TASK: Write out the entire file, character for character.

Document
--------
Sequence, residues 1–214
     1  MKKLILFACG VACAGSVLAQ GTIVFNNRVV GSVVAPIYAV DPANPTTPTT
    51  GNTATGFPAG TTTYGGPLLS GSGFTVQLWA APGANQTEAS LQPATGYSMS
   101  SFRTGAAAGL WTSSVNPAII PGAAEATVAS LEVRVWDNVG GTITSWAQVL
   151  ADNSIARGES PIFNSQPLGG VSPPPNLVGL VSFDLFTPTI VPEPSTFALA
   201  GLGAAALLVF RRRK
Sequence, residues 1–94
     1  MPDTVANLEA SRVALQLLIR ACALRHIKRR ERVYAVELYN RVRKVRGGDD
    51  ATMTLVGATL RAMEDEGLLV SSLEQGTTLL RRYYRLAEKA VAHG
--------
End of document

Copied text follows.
Sequence, residues 1–214
     1  MKKLILFACG VACAGSVLAQ GTIVFNNRVV GSVVAPIYAV DPANPTTPTT
    51  GNTATGFPAG TTTYGGPLLS GSGFTVQLWA APGANQTEAS LQPATGYSMS
   101  SFRTGAAAGL WTSSVNPAII PGAAEATVAS LEVRVWDNVG GTITSWAQVL
   151  ADNSIARGES PIFNSQPLGG VSPPPNLVGL VSFDLFTPTI VPEPSTFALA
   201  GLGAAALLVF RRRK
Sequence, residues 1–94
     1  MPDTVANLEA SRVALQLLIR ACALRHIKRR ERVYAVELYN RVRKVRGGDD
    51  ATMTLVGATL RAMEDEGLLV SSLEQGTTLL RRYYRLAEKA VAHG